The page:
However, other aspects of this new law are of grave concern. One of them is related to a radical change in how residence permits (visas) are granted so that people can work and settle in the country. Until now, residence permits have generally been obtained while the person applying is in the country, after entering as a tourist and looking for a job. This procedure, which is technically a change of immigration category, has been strongly criticized by the current authority and will not be allowed in the new regulations. Instead, all applications must be made from abroad (through the Chilean Consulate). In future, then, immigrants will have to receive the necessary documentation for residency before entering the country.

This measure does not take into account the situation facing most migrants arriving in Chile. The majority do not have a professional qualification or contacts that allow them to access a job offer from abroad, nor do they meet the criteria required for the types of visas they can apply for from the outside. This will generate a significant number of irregular migrants in the country, who will arrive in search of a job and who later will not be able to change their status, except in very particular cases.

Another aspect of concern is the summary deportation measure (immediate return): the new law will empower border officials (the Policía de Investigación de Chile) to detain anyone who is discovered entering through an unauthorized crossing and return them immediately to the border of the country they came from. These pushbacks are widely criticized in the field of international migration law due to the fact that they enable the police authorities to act at their own discretion and without accountability. In addition, they constitute an open violation of the rights of migrants by not allowing them to defend themselves, state the reasons that led them to this situation, nor request refuge or other international protection from the state.

The recent restrictive measures on the migrant population have led directly to a sustained increase in unauthorized entries into Chile. In the past three years, 60% of migration flows have been concentrated this way (Migración en Chile). But immigration authorities have indicated that the use of pushback measures was one reason behind the pressure to approve this law.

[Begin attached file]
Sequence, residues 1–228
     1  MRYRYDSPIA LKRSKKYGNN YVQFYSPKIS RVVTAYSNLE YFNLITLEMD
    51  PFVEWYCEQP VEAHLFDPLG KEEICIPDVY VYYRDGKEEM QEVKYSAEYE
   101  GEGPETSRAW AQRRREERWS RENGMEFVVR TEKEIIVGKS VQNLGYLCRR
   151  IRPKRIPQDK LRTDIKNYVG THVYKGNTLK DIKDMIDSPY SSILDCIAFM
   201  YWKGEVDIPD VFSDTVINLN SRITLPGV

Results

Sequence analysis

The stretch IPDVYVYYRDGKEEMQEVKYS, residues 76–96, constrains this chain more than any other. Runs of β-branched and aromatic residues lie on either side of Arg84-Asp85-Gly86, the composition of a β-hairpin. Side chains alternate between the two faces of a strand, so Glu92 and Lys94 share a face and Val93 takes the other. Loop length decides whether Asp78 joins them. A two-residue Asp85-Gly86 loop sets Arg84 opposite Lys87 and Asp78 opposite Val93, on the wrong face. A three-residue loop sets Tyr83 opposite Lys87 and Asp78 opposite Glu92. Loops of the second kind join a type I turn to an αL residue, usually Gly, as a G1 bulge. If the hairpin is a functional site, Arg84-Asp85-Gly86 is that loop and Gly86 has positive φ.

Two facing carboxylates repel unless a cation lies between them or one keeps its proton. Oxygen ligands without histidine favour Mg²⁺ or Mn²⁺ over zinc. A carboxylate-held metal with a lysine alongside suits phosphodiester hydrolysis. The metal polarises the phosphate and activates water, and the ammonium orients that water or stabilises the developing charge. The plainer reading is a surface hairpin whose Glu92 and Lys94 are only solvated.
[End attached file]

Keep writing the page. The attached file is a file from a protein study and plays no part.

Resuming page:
The new law provides the current government with tools to define its immigration policy, allowing it to adapt or apply the law in different contexts. However, the measures should also be adopted with a long-term vision and not just dependent on different circumstances. The new immigration policy should not only take charge of border control but also the integration of immigrants into our cities and neighbourhoods. It should provide real alternatives for regular migration, promote an inclusive discourse to combat discrimination and criminalization, and respect the human rights of migrants in all circumstances.

Tomás Pascual Ricke is Professor of the Immigrant Legal Clinic at Alberto Hurtado University, Santiago de Chile, and Director of Human Rights Unit at Chilean Public Criminal Defender’s Office.

Macarena Rodríguez Atero is Director of the Legal Clinic at Alberto Hurtado University, Santiago de Chile, and President of the Board of Directors of the Jesuit Service for Migrants.

This post was commissioned by Ignacio Odriozola, MMB Alumni Ambassador. Ignacio is based in Buenos Aires and can be contacted via the email on this page to discuss contributions for the MMB Latin America blog.

A previous post on the MMB Latin America blog examined the new migration law in Chile at an earlier stage of its development. See ‘Inclusive language for exclusive migration policy outcomes‘ by Victoria Finn and Sebastián Umpierrez de Reguero, July 2020.